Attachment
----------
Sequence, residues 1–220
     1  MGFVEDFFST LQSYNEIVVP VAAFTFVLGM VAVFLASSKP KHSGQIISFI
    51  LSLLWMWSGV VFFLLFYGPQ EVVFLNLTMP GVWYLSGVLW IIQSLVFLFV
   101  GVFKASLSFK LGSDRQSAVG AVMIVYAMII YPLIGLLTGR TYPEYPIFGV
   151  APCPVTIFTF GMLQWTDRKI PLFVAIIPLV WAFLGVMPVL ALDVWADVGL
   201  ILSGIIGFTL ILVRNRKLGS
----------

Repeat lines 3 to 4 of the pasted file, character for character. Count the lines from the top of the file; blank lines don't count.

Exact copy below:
    51  LSLLWMWSGV VFFLLFYGPQ EVVFLNLTMP GVWYLSGVLW IIQSLVFLFV
   101  GVFKASLSFK LGSDRQSAVG AVMIVYAMII YPLIGLLTGR TYPEYPIFGV